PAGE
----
PCP Addiction: Signs, Symptoms, Risks, and Treatment Resources

Updated On: Jan 13, 2024
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    Phencyclidine, or PCP, is a powerful hallucinogenic substance that has gained notoriety for its mind-altering effects and potential for addiction. Commonly known as “angel dust,” PCP was initially developed as an anesthetic but was later discontinued in medical settings due to its alarming side effects. Despite its restricted medical use, PCP remains a dangerous substance that can lead to several physical and psychological issues when misused.

    What is PCP?

    PCP is a potent dissociative hallucinogenic. In the 1950s, it was developed as an intravenous anesthetic.[1] However, due to its severe and unpredictable side effects—which include hallucinations, agitation, and delirium—its medical use was discontinued in the ensuing years. Since then, PCP has widely been utilized as an illegal street drug, owing to its potential to induce euphoric states and a sense of invulnerability.[2,3]

    According to data reported in the National Household Survey on Drug Abuse, an estimated 6 million US residents over the age of 12 have used PCP at least once in their lifetime, with 225,000 individuals between 12 and 17 and 777,000 individuals between 18 to 25 using the drug at least once.

    The DEA Controlled Substances Act lists PCP as a Schedule II controlled substance. This categorizes PCP as a substance with a high potential for abuse and limited modern medical applications.[4] Some common street nicknames for PCP include angel dust, ozone, rocket fuel, and sherm.

    Side Effects of PCP

    PCP is known for inducing a wide array of effects on perception, cognition, and behavior. It can lead to distorted sensory perceptions, dissociation from one’s environment and body, and altered thought processes. The drug’s effects can vary widely, ranging from euphoria and a sense of detachment to extreme anxiety, paranoia, and violent behavior. It can often induce slurred speech and issues with balance in the short term.

    Taken long-term, PCP can lead to a host of negative health consequences, including:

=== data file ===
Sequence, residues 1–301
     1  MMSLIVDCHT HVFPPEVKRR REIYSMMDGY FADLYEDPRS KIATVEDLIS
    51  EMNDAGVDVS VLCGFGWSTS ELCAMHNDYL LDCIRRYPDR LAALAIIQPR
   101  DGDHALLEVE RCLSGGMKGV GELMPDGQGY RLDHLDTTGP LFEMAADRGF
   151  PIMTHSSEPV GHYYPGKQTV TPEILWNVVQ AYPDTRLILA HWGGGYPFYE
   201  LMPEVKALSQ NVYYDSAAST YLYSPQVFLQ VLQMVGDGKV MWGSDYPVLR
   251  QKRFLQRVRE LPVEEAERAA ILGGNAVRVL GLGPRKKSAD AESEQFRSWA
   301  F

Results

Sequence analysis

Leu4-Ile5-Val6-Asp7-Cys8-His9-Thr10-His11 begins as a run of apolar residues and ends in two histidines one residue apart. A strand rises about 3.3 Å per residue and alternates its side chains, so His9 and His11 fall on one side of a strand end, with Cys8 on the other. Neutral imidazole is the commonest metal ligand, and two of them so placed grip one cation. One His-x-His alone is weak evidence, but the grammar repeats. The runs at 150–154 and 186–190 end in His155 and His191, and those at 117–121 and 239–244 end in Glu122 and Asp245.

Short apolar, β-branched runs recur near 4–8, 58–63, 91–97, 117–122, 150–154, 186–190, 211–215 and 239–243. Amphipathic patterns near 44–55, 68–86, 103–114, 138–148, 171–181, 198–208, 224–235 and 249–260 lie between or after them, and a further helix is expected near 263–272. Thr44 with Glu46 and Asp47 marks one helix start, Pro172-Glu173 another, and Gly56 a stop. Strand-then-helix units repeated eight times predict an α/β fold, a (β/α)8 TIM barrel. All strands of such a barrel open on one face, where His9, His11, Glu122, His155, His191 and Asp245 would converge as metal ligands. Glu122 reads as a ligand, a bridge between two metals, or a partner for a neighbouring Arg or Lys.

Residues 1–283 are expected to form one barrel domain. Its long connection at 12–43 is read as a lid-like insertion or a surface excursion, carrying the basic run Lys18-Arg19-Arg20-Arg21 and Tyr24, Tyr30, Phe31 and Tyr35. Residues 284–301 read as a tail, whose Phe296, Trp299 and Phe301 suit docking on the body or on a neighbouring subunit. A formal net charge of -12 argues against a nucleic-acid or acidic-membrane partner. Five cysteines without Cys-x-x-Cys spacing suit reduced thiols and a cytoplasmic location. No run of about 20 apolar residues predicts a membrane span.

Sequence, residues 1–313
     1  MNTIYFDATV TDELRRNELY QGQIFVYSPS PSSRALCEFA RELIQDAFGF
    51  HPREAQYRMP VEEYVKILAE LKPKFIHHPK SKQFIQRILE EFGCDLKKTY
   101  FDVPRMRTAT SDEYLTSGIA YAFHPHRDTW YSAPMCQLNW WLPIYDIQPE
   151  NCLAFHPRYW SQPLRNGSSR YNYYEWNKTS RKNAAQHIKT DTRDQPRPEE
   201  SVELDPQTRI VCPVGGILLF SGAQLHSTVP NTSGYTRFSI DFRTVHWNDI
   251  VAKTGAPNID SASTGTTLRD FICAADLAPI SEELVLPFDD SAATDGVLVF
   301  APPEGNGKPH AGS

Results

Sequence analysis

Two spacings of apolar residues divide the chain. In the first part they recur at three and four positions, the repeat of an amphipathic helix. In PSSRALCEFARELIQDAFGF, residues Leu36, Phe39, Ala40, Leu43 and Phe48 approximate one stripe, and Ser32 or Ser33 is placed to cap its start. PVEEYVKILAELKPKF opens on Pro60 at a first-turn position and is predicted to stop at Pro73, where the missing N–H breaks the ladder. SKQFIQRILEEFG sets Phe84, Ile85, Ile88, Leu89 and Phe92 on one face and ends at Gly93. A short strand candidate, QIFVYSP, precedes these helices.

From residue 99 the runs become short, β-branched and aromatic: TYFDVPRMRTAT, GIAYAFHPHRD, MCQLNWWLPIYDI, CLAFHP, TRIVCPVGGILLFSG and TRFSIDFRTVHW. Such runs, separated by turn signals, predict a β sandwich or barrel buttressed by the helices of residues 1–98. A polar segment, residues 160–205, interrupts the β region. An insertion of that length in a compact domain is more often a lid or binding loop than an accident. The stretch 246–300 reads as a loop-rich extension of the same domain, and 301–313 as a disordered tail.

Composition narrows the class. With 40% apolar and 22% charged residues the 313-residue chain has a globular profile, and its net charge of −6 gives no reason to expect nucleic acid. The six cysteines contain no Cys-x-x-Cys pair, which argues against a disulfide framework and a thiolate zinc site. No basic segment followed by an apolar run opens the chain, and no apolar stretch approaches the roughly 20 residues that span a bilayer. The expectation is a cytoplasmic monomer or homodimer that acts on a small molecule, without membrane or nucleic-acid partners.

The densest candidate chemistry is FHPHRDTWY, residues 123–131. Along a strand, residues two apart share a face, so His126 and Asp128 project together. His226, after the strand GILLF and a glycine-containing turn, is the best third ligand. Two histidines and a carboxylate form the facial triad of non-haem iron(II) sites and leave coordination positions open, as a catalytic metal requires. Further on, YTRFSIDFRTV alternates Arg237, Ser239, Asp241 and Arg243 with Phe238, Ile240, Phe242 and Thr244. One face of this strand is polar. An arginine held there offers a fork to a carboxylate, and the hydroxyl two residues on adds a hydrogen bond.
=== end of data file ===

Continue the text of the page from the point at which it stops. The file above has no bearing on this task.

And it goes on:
• Injuries resulting from actions taken while under the influence
    • Catatonia
    • Long-term delusions or paranoia
    • Weight loss
    • Memory loss
    • Increased risk for seizures and coma
    • Risk for overdose
    • Cognitive impairments

    How is PCP Taken?

    PCP is commonly sold in liquid and powdered forms, though it can also be used as a tablet. It can be ingested in various ways, including smoking, snorting, or mixed with liquid for oral consumption. PCP is often combined with marijuana to be smoked, which is sometimes referred to as a “super joint.”

    Intoxicating effects can take hold within 2 to 5 minutes after smoking the substance and within 60 minutes after swallowing. The high can last from between 4 to 8 hours.[5]

    PCP Quick Reference

    Drug Category Commercial & Street Names DEA Schedule Administration
    Stimulant Uppers Schedule II Oral, snorted, injected, smoked

    Learn About Other Substance Use Disorders

    Statistics on PCP Use, Misuse, and Addiction

    Emergency department visits involving the ingestion of PCP increased over 400% in the previous decades, with 45% of these visits involving individuals between the ages of 25 to 34. Nearly half of PCP-related ER visits also involved other illicit substances.[6]

    The Substance Abuse and Mental Health Services Administration (SAMHSA) reported that 2.6% of people aged 12 or older (which equals approximately 7.4 million people in the US) used hallucinogens in 2021. The highest percentage of hallucinogens users are between the ages of 18 and 25.[7]

    Effects of PCP Abuse

    PCP abuse can lead to a wide range of negative effects, many of which are highly unpredictable and potentially dangerous. The strength and type of effects can vary depending on several factors such as the amount taken and the individual’s unique physiology.

    Some of the effects of PCP abuse include:

    • Hallucinations
    • Dissociation
    • Distorted sensory perception
    • Agitation and restlessness
    • Aggression or violence
    • Impaired judgment
    • Memory issues
    • Lack of sensation for pain
    • Speech and motor impairment